Good, he thought. She’ll have no choice but to face me. “Yes, Miss Blackstone. I am speaking to you.”
“I didn’t leave in the dead of night.”
“Could have fooled me,” he muttered under his breath, both of them knowing full well that he referred to the last time she’d packed up her belongings and slipped out of his life. He didn’t intend to give her a second chance to attempt the same.
He crossed the room and in a veiled fury, began tossing things into her bags. A hair comb. A small, leather-bound Bible. Were those stockings? It wasn’t until he began wadding up dresses that Knighting lurched forward in response, the strict dictations of propriety too much to allow him to be up to his elbows in a lady’s linens. She took up the duty of properly folding her lady’s wares instead, freeing him to turn and face his problem once again.
“Can you give me one good reason why you shouldn’t be accompanied on the road to London? And before you try to pass another sweet-smiled lie on us poor, unsuspecting men, I’d caution you to think twice.” He stood before her with his legs braced apart and arms folded across his chest. When she didn’t answer but twisted her hands and furrowed her brow rather nervously, his anger began to dissipate.
“This is not the time or place to discuss it, Chard.”
Her whispered declaration cut to the heart immediately.
Though he’d been furious at the thought of her venturing out on her own, he had to swallow a bit of guilt at his attempt to reproach her for it. But how could he tell her? How would he find the words to explain that while Twiford and Ross had been arguing over who was at fault for their current predicament, his heart had climbed clear up to his throat and set to beating rather wildly.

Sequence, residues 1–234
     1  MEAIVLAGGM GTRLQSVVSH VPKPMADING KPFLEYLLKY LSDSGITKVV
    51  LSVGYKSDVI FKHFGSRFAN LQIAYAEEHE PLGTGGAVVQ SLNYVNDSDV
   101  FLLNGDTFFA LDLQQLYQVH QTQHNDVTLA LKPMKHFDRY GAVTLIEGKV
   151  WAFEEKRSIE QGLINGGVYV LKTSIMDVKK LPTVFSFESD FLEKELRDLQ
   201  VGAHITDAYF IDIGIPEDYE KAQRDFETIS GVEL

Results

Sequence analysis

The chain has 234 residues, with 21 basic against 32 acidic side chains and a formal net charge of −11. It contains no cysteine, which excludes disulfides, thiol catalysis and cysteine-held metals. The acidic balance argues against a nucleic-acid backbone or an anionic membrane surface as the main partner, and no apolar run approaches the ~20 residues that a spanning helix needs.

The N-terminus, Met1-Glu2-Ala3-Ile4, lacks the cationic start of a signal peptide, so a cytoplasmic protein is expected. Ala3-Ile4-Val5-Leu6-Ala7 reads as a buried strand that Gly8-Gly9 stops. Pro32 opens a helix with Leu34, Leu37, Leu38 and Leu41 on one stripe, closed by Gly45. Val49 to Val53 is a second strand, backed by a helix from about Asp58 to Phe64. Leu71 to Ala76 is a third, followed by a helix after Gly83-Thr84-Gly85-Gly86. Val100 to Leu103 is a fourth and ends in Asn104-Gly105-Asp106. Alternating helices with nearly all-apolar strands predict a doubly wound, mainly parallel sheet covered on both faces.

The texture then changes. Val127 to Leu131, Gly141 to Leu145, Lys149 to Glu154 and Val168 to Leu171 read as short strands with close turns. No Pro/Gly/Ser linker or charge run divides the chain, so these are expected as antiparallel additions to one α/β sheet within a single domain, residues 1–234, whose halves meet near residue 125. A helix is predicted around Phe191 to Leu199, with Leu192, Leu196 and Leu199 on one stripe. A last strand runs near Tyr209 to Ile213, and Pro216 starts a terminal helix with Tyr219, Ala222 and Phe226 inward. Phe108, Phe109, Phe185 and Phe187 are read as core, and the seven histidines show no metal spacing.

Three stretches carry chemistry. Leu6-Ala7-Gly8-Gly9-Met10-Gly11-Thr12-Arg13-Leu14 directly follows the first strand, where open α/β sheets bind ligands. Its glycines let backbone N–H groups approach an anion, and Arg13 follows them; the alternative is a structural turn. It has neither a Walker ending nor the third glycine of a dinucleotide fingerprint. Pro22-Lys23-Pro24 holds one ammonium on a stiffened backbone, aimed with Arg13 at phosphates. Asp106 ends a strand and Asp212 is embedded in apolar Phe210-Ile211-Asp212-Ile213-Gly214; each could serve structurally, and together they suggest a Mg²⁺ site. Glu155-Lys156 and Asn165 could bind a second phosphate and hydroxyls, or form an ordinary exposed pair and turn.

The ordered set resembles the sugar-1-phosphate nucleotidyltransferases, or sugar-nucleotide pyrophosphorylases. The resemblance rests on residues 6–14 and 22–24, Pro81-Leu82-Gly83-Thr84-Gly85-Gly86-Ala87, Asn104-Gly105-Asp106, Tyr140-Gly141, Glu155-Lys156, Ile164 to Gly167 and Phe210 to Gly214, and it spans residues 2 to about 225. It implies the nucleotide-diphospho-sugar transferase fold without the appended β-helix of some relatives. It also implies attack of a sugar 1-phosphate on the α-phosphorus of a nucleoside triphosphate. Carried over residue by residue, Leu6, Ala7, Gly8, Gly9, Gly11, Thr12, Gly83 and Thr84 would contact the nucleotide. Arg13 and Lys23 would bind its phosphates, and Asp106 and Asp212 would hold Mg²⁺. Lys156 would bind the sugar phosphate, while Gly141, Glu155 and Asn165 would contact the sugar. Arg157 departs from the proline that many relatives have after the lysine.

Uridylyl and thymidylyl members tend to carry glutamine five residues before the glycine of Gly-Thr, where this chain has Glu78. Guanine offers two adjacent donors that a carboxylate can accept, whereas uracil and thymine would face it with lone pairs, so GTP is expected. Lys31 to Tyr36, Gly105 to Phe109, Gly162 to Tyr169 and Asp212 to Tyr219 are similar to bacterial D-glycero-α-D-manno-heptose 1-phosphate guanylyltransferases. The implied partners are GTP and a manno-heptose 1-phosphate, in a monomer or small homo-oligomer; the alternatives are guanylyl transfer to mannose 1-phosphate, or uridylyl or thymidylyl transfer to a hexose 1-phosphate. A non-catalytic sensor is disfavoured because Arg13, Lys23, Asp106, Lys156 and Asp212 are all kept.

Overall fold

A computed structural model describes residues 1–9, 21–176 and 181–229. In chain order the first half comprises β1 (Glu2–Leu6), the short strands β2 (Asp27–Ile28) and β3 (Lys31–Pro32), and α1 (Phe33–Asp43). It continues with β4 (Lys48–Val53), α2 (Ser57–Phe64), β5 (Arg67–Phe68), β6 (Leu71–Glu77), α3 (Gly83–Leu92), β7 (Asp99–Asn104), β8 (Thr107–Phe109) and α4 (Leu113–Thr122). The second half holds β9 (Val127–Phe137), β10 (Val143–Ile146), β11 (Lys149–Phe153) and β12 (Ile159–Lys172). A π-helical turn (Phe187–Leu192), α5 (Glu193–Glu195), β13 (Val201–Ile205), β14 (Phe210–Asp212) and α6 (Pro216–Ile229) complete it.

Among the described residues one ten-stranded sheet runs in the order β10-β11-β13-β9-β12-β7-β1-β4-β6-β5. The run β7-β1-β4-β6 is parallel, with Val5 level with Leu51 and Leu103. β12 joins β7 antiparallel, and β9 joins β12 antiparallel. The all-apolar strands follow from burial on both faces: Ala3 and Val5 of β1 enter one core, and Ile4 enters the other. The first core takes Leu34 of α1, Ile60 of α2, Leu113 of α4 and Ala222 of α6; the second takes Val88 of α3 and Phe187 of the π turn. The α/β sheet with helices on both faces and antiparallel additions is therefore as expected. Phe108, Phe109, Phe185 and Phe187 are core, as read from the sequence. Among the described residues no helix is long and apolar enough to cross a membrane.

He stood then, staring into those eyes he’d once known so well, and caved under her spell again. You fool, he thought. She’ll only hurt you again.
“I’ll be waiting downstairs. Be packed and ready to depart in ten minutes.”
Cressida didn’t much take to being hoisted into a traveling coach and plopped down on the seat like an errant toddler, but that’s exactly what had happened. After barging into her room, her former fiancé had insisted that not only was he accompanying her on the trip to London, but that she and Knighting would be riding in his coach for what remained of the journey.
Chard now sat across from her and peered out the window, his head bobbing as the vehicle sailed over the bumps and numerous ruts of the road.
Cressida watched him in silence, noting that he seemed quite austere and …older somehow. As if the past years had treated him coolly. As if he’d changed beneath the familiar façade that was taking such care to ignore her completely. It was off-putting that they had an opportunity to talk and yet he now seemed to earnestly avoid it.
Was he still so very angry with her? Could she believe that anything mattered to him once? That perhaps… she may have mattered to him more than a cache of money to line his pockets?
Cressida broke the silence before she could talk herself out of it. “Is there is no Viscountess Chard?” Her voice cracked slightly, causing her cheeks to warm with a blush.
He turned and stared back at her, the pointed gaze making her feel like melting down into her boots.
“No. There is not, Cressida. Were you planning on reapplying for the position?”
* This section contributed by Kristy L. Cambron, paris-mom.blogspot.com. *
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How do you think Cressida should respond? What do you think the other gentlemen think of Chard’s monopolizing Cressy’s attentions? Read the next installment!
THE CONTEST AND POLL ARE NOW CLOSED. Feel free to continue to enjoy and share the story.